Of rooting through stacks, boxes, losing yourself amongst shelves. Of being quite content with long odds. Of perfecting a fisherman’s patience. Of defining treasure on your terms, like a forgotten out-of-print screenplay on a London table, or an obscure 1961 album by the Belmonts, which my friend Doug unearthed during a recent pilgrimage to George’s Song Shop in Johnstown. My heart sings like the Belmonts when Doug tells me of his regular foragings and finds.
Yet I must confess to having long ago been easily and cheaply seduced by Amazon convenience. It shames me to say it, but, on occasion, I’ve actually snapped pictures of book covers in bookshops to potentially Amazon later. Not that this absolves me in any way, but I do it in part to curb my otherwise uncurb-able impulse-buying instincts whenever I find myself around book stacks. (I have a book problem.)
But it’s hard to watch Booksellers and not be moved.
Just as it’s impossible to listen to my friend Doug and not be stirred – whether in casual conversation or sitting in his congregation from 6-to midnight every Sunday night on WANB radio, where he’s been sharing treasure from his lovingly curated stacks of Rock and Roll for 27 years and counting.
But it’s taken a sweet bit of good-old-fashioned serendipity to inspire me to truly turn a page.
Out of the blue I received a package in the mail from my good friend, Jeff.
Accompanying it, this note:
But THE BEST part? On the back ….
At that, I felt what my friend Bill must’ve felt 20+ years ago holding that Vonnegut screenplay in his hands. The true gift as much in the thought that inspired it as between its pages.
I hope that Jeff is feeling at least a measure of what I felt when Bill received his treasure. And I hope that feeling stays with him as long as mine has.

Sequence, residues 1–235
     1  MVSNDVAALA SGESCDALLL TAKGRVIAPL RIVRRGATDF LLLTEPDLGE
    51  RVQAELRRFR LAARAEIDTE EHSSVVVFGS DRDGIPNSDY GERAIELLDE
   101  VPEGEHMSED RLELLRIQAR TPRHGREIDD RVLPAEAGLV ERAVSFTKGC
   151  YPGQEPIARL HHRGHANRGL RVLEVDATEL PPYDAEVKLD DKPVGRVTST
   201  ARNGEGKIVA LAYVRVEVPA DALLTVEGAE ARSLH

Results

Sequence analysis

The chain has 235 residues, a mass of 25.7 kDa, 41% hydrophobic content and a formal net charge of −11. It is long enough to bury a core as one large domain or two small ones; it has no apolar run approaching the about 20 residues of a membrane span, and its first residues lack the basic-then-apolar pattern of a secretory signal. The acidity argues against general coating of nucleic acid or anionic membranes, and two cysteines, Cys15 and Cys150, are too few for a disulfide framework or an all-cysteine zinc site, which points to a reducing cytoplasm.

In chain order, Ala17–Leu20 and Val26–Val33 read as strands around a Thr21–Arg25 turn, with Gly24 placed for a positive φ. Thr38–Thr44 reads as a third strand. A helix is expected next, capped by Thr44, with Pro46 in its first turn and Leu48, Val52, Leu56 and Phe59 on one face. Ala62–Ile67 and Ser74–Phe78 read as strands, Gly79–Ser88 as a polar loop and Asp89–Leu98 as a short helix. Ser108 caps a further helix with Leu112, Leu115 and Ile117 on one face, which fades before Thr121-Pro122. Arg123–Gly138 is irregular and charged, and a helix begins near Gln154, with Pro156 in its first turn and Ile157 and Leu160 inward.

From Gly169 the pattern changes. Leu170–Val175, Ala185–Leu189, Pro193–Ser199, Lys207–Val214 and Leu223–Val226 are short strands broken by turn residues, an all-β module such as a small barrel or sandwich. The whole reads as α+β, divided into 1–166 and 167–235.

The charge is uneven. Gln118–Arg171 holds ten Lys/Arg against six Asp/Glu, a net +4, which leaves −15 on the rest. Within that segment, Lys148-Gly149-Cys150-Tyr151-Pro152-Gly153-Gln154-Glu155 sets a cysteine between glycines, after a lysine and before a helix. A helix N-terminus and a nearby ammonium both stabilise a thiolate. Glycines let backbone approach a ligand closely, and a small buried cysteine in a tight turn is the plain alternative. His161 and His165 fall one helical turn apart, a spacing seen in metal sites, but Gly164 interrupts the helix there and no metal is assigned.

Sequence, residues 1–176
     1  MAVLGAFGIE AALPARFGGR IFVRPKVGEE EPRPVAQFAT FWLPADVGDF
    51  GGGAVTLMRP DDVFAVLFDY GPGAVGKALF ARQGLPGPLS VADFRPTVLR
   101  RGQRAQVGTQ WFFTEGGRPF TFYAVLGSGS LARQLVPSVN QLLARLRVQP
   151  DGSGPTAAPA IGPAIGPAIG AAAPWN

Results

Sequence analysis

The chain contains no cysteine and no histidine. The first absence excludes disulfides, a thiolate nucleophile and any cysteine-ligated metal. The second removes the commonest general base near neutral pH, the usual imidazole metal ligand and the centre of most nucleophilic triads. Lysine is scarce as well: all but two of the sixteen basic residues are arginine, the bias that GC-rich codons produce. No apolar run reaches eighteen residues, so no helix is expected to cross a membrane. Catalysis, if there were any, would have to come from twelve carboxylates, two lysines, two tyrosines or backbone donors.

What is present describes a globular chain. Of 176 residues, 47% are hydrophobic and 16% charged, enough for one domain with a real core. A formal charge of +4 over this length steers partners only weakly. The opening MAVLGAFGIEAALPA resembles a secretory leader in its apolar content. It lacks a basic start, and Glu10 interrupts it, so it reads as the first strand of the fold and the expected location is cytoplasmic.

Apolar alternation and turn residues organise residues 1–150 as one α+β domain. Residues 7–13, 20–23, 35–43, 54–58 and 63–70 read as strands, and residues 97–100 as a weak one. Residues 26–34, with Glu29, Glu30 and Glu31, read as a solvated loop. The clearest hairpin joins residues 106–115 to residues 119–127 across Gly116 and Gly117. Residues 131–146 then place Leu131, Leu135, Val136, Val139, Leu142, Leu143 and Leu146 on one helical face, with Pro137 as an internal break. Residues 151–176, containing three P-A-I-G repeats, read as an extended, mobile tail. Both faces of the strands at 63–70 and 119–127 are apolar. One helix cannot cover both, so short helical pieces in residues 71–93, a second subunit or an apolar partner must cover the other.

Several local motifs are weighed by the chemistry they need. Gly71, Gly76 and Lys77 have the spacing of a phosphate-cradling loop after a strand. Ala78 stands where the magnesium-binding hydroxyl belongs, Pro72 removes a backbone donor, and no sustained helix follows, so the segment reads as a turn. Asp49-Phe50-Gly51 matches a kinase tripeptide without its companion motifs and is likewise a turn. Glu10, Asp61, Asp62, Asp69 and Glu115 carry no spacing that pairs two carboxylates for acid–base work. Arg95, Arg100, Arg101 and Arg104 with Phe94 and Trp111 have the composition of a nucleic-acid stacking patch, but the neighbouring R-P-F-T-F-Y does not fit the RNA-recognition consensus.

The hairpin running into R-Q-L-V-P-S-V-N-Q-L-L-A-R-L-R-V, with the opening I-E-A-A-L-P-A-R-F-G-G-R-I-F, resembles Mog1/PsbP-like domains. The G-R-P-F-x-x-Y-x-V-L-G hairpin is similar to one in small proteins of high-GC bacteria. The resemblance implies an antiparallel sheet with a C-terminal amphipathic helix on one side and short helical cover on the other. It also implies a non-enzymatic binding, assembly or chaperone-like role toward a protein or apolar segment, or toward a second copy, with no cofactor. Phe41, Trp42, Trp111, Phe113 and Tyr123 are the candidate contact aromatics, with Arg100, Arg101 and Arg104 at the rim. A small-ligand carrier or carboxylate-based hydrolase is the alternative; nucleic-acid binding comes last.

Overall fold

I’ve been blessed to be on both sides of those feelings. To stumble upon something that makes you think of someone else. And to let the other person know.
The lesson? Never miss a chance to let someone know you’re thinking about them. Your timing will never not be perfect.
Driving home a few weeks ago from the grocery store I swung past the small college campus here in town. The remnants of winter’s last snow had finally melted, and the grassy hill in front of Old Main was a sight for my sore eyes.
In the middle of the lawn I spied an older man in a jacket and ballcap. Slowing down, I noticed he was waving a metal detector back and forth. He moved methodically in small steps, listening for small possibility in that sea of sprawling, soggy green. Involuntarily I was smiling thinking of the summers growing up when all the neighborhood Moms (mine included) procured metal detectors and conducted routine scavenging expeditions all over the neighborhood. And how we kids couldn’t wait to see what treasure they unearthed with their trusty trowels. By objective measure, their hauls were as paltry as you might expect. But, to us, a resurrected wheat penny was a gold bar.
I’ve seen him a couple times lately, most recently lonely strolling across the lawn of the high school.
I tipped my ballcap towards his oblivious, head-bowed meditation. To his investment of time for an uncertain return. To optimism and expectation. To the search for things you are not even looking for.
A few days ago I was writing a note to accompany a book I was returning to a good friend. Doing so made me think of a favorite read that he and his daughter might appreciate. Made my first penitent purchase from White Whale. I ordered it online, but am going to pick it up in the store.
So I can spend a few moments rooting through the stacks.
Still that provincial kid from Uniontown on his first trip abroad, drawn to something familiar and comforting in this otherwise exotic place.
“And the end of all our exploring. Will be to arrive where we started. And know the place for the first time.” – T.S. Elliot